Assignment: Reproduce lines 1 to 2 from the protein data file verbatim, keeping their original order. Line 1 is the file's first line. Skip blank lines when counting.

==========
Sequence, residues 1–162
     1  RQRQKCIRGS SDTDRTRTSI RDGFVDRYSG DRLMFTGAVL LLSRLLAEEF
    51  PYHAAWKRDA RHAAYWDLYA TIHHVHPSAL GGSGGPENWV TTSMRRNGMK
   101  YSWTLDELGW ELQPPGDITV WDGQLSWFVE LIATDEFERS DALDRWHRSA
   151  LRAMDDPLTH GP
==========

Sequence, residues 1–162
     1  RQRQKCIRGS SDTDRTRTSI RDGFVDRYSG DRLMFTGAVL LLSRLLAEEF